Assessment of the impact of earlier access to disease-modifying treatments with more convenient administration frequency in reducing the socioeconomic burden for multiple sclerosis patients in Europe

May 13, 2024
Clinic corridor in a hospital

The socioeconomic impact of Multiple Sclerosis (MS) extends to various areas of a patient’s life including personal wellbeing and mental health, family life and planning, employment and the lives of caregivers, which is associated with a significant economic and societal burden. Advances in the development of disease-modifying treatments (DMTs) in general have provided substantial benefits to people living with MS (PLwMS) leading to a reduction in the associated health and well-being impact and broader socioeconomic costs of the disease.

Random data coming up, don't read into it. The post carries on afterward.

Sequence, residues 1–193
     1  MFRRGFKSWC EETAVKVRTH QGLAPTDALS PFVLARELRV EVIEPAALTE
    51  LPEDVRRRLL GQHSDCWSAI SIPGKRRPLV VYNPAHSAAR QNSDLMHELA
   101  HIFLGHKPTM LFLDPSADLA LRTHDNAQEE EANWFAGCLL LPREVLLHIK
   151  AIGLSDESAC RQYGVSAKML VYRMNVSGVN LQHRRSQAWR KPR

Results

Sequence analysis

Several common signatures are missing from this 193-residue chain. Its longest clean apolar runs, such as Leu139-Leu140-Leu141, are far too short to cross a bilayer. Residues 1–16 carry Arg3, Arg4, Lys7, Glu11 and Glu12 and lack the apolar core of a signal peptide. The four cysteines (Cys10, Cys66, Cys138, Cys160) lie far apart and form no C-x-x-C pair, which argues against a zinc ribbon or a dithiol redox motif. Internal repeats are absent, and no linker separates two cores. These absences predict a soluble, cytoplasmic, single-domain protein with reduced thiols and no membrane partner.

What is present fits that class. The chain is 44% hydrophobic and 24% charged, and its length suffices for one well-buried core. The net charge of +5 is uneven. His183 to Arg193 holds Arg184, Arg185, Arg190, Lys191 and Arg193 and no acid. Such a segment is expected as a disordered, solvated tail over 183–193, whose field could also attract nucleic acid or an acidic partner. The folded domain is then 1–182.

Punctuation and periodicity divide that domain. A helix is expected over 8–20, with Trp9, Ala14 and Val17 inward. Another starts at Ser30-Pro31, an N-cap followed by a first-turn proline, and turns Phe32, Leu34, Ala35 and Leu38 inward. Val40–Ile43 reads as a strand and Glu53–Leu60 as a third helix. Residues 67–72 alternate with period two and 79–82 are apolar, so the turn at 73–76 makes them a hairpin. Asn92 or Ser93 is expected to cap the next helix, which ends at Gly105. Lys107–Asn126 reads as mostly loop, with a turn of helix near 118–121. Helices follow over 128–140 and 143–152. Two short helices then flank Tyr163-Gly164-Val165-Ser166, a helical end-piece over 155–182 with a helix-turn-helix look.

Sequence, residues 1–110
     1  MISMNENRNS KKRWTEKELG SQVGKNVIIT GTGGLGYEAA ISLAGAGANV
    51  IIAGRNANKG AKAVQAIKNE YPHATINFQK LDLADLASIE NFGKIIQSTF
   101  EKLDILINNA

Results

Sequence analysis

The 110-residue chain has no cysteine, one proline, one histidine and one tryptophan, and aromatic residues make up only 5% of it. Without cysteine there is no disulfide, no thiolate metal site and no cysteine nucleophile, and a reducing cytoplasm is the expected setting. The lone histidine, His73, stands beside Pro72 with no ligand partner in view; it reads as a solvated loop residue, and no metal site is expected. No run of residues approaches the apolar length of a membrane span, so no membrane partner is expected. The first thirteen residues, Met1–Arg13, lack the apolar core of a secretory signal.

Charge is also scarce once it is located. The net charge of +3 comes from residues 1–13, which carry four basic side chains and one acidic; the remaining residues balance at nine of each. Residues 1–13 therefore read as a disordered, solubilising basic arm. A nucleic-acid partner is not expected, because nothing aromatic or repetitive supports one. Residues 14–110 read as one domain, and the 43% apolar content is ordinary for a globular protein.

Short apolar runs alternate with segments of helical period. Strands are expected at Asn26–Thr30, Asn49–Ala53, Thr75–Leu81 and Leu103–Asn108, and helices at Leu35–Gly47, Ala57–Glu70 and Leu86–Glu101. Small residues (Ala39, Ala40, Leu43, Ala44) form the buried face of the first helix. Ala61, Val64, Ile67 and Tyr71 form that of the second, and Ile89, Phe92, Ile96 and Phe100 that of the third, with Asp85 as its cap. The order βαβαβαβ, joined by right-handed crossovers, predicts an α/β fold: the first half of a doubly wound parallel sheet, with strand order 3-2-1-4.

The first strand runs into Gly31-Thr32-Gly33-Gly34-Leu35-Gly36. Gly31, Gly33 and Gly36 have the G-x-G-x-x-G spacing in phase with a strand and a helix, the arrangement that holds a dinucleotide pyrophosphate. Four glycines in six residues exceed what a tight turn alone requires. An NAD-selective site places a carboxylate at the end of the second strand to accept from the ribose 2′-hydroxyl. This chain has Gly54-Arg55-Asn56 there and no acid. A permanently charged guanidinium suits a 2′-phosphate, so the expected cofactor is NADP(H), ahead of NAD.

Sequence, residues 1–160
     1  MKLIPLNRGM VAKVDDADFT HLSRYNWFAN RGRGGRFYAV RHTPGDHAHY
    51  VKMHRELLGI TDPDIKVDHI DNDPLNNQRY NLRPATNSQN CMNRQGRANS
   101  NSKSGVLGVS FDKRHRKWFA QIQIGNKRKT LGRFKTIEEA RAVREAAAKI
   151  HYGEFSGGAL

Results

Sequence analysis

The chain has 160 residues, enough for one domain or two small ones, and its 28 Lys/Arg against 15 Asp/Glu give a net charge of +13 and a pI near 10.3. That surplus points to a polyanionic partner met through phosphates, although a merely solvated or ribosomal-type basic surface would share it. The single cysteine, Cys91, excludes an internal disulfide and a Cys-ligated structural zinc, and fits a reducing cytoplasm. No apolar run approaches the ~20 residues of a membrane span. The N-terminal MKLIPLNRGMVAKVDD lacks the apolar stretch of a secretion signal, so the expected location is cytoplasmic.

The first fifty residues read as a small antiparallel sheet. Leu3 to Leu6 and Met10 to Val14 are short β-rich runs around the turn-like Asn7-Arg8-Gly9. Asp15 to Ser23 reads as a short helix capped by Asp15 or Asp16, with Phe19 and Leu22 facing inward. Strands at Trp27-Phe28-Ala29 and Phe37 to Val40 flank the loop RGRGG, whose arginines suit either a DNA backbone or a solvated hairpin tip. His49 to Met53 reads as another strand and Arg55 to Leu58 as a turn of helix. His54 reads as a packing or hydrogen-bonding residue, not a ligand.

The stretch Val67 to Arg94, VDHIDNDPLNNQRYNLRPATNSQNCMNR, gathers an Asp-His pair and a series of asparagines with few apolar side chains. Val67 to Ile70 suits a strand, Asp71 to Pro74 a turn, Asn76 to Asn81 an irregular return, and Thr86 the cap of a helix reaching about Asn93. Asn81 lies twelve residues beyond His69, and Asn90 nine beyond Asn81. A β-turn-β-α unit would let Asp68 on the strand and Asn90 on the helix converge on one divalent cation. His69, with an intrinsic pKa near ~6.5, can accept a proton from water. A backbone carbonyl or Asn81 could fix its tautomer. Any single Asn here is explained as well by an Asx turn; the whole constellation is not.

In this study, conducted on behalf of Merck KGaA, we focus on highly efficacious DMTs with more convenient administration frequency and examine the potential impact of earlier access to these treatments on decreasing the socioeconomic burden of MS. Based on a survey of PLwMS in eight European countries, evidence suggests that earlier access to these treatments can provide benefits in terms of:

  • Patient mental health and well-being in terms of experiencing fewer symptoms related to anxiety and depression and as a result incurring fewer financial costs and less disruption from mental health symptoms in other aspects of life
  • Improved relationships with significant others and timely decisions about family planning which impacts patients’ emotional state and has broader societal implications
  • Ability to stay in employment longer or work more hours
  • Reduced reliance on a caregiver for support with daily activities or childcare which would enable their increased participation in employment

On this basis, we discuss how a package of recommendations could ensure that the value of these treatments is recognised and that PLwMS are best supported in their choice of treatment and care options.

To find more about our findings and the lessons for policymakers, please download a copy of our report here.

Additional contributors